In his prefatory note, former University of Victoria professor and Graves scholar Anthony Edwards provides some necessary insight and background into the most unusual offering in this issue: the first publication of a hitherto unknown work by Robert Graves (1895-1985), namely a “re-writing” of the first two chapters of Charles Dickens’ Pickwick Papers. The proposal to re-write the novel was Graves’ attempt to help out a struggling writer friend, David Cameron, and to get him started on completing it. Graves had already written an abridgment of David Copperfield and, in his Foreword to that project, wrote about the challenges. “[And] since Dickens’ failures are not always due to his saying too much but sometimes to his saying too little, this re-writing will call not only for reduction but for occasional expansion.” Graves is also represented in this issue with the long poem, “A Marmoset’s Miscellany,” originally published in 1925 by The Hogarth Press under a pseudonym, and by facsimiles of his worksheets for “A Bracelet,” from his collection Poems 1965-1968.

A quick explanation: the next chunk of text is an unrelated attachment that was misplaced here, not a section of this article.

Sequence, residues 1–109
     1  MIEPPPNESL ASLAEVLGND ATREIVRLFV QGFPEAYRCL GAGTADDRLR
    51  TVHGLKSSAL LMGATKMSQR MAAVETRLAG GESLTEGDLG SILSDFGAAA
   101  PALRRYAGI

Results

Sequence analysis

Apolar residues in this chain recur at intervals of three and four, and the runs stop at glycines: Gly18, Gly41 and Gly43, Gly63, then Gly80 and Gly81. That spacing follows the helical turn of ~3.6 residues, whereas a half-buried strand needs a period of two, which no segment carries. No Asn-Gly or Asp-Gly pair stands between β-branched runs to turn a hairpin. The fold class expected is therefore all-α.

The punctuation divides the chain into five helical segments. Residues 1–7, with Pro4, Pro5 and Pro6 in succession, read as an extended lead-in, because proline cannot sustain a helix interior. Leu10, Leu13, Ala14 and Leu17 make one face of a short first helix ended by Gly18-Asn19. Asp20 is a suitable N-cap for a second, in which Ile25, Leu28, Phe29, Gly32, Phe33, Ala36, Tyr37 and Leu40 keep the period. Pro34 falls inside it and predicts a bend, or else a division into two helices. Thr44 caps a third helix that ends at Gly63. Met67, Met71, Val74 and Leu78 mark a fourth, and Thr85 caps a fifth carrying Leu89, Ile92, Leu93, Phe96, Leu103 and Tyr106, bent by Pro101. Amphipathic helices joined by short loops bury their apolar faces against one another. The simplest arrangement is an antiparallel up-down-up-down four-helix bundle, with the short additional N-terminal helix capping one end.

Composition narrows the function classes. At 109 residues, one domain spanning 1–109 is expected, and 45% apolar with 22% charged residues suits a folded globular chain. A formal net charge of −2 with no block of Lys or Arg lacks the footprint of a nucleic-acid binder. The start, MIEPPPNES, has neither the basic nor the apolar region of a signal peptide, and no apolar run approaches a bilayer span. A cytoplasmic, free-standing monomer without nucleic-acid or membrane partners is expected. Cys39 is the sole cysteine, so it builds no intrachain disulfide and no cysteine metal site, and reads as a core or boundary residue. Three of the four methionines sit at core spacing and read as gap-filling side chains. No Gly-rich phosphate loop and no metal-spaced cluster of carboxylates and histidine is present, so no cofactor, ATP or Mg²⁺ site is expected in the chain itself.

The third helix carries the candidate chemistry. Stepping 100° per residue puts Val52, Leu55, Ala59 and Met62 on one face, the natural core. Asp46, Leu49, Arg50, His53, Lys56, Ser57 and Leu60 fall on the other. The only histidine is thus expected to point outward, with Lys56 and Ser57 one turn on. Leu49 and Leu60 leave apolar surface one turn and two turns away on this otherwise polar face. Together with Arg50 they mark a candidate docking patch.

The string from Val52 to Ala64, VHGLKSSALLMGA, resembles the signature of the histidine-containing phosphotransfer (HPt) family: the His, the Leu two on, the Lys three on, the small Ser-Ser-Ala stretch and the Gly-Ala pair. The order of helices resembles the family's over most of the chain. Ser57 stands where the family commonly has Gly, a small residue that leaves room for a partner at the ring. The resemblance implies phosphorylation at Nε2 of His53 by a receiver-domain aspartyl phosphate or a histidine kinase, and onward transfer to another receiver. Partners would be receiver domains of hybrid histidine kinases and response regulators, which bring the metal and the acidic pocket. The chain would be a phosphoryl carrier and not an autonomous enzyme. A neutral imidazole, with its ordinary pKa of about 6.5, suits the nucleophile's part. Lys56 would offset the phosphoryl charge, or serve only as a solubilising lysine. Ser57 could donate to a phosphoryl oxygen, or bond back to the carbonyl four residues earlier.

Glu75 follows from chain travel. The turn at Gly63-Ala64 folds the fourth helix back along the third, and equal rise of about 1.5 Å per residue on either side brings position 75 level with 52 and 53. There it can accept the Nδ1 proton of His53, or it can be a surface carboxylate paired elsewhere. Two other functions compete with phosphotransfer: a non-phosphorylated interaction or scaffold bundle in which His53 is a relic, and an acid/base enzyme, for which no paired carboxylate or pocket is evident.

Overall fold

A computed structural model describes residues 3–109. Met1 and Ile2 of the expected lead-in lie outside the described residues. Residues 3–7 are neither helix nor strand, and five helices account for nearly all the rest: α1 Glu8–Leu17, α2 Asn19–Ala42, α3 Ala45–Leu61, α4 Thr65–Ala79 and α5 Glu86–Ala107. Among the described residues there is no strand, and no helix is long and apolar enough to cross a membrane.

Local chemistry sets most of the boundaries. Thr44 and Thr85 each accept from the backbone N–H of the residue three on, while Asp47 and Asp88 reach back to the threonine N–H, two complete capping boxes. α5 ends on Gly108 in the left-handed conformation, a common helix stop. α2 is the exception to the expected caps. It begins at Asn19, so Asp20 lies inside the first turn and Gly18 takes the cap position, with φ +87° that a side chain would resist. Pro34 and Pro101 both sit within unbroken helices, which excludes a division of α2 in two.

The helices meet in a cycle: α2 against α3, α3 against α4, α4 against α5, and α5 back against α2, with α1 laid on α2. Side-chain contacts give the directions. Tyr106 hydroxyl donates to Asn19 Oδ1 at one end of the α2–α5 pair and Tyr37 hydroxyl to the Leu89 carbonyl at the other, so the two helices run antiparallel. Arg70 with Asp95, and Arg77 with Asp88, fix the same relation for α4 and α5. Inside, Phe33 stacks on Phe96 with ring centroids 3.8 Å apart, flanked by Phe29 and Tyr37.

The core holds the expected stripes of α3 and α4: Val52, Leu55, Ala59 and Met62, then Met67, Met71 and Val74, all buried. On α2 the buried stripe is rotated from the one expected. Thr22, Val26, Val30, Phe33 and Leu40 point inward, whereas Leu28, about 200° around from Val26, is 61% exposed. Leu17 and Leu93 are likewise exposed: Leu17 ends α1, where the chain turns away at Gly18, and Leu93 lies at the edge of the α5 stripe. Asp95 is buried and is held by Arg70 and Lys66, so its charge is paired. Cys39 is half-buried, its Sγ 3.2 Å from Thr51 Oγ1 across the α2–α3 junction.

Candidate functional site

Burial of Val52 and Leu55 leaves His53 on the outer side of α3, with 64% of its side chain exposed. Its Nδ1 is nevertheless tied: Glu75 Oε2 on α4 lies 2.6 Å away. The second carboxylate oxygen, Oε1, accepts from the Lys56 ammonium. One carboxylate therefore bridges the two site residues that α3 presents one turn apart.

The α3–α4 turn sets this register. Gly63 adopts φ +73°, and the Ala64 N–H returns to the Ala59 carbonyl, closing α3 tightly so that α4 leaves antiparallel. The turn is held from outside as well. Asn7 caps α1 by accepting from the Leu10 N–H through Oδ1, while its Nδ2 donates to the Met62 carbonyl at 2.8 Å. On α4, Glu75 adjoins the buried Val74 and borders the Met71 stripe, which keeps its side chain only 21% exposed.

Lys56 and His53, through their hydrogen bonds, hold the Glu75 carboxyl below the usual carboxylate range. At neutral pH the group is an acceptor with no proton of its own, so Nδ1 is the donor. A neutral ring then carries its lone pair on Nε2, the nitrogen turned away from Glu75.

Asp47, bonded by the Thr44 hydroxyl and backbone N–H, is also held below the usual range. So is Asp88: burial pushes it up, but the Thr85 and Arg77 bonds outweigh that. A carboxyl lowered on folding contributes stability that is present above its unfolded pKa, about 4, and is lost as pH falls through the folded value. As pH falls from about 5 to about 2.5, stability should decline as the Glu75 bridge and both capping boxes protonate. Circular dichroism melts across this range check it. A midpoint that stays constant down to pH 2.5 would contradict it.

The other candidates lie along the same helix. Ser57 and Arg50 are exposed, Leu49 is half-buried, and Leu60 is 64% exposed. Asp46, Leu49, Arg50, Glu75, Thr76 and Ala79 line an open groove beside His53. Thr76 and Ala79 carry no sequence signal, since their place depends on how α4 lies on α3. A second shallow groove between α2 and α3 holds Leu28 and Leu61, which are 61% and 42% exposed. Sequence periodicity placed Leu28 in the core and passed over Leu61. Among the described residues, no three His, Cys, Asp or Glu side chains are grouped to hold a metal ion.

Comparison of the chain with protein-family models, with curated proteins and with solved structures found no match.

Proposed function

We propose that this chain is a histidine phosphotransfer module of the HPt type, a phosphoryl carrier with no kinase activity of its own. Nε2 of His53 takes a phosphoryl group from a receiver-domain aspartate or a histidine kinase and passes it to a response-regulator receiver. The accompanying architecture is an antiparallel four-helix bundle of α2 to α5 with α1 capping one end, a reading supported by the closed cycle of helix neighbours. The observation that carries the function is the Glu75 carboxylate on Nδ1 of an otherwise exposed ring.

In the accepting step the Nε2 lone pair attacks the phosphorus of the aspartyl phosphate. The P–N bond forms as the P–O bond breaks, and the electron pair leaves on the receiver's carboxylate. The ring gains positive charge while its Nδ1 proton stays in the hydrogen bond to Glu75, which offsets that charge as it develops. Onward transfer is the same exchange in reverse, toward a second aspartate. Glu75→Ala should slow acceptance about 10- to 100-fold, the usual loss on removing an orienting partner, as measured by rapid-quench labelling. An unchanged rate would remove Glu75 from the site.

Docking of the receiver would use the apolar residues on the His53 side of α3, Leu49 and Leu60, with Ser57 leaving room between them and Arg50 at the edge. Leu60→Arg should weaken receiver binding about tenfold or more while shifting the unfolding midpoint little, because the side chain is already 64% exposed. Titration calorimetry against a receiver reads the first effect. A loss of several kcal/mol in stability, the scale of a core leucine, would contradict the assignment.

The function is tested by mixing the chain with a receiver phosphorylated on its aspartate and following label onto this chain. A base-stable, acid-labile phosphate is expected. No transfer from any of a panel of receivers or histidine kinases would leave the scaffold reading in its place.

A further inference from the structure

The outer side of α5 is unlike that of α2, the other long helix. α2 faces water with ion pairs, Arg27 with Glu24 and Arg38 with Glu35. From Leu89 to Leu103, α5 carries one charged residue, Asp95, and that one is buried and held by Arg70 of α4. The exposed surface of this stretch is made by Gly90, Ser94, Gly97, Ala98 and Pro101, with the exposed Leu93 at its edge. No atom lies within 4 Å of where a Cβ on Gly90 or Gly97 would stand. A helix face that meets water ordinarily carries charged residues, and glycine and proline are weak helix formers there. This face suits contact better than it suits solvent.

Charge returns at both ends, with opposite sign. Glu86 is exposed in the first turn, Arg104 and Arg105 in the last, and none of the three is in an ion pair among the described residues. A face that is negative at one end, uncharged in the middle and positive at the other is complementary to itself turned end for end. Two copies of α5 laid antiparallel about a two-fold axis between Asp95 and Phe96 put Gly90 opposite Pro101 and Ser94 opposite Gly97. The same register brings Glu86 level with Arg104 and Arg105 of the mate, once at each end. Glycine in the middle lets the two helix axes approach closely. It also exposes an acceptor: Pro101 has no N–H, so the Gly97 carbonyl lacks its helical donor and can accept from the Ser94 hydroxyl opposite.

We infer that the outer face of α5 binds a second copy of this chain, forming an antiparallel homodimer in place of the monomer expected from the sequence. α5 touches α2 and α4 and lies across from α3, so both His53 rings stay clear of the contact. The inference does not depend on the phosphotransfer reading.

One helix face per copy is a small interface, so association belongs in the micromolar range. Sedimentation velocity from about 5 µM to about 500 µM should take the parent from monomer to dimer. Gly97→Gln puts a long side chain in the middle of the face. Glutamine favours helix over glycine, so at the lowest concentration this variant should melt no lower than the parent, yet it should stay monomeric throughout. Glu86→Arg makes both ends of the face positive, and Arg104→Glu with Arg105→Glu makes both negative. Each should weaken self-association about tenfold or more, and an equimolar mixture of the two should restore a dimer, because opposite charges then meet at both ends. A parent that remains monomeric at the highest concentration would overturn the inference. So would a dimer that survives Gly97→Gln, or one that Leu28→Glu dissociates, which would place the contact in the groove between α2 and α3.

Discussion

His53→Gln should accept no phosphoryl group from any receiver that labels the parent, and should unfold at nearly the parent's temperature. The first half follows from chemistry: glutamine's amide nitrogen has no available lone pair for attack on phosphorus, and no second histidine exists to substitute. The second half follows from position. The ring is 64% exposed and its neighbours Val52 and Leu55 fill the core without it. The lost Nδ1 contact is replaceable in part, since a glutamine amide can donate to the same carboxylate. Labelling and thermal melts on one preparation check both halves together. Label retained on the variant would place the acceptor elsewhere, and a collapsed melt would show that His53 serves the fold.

The Spanish-born academic-in-exile, R. M. Nadel contributes a translation of “The Public,” the previously unpublished draft of a play by Federico Garcia Lorca. This is an avant-garde drama of “labyrinthine confusion,” wherein Lorca cloaked a most daring expression of human motivation, specifically homosexuality. Written in 1930, it predates techniques and symbols that would later characterize works by the likes of Becket and Genet. This play is followed by poems of tribute to Lorca by Nikolai Aseyev, Robert Rozhdestvesky, Evgeny Evtushenko, and Joseph Brodsky, all translated from the Russian by John M. Gogol, and the beautiful poem, “Wine,” by Pablo Neruda, translated from the Spanish by Anthony Kerrigan. Kerrigan also translates “An Irish History: The Shape of the Sword,” from the Spanish of Argentine author Jorge Luis Borges (1899-1986). This curious piece is a story within a story. Borges writes: “I tried getting into the good graces of the Englishman; I resorted to the least acute of passions: patriotism. I said that a country with the spirit of England was invincible. My interlocutor agreed, but added with a smile that he was not English. He was Irish. From Dungarvan.”
This is, over all, one of the most international of the early Malahat Reviews. The cover art is by Polish artist Jan Le Witt (1907-1991), along with eleven black-and-white plates depicting some of his paintings and drawings, as well as five samples of his writings.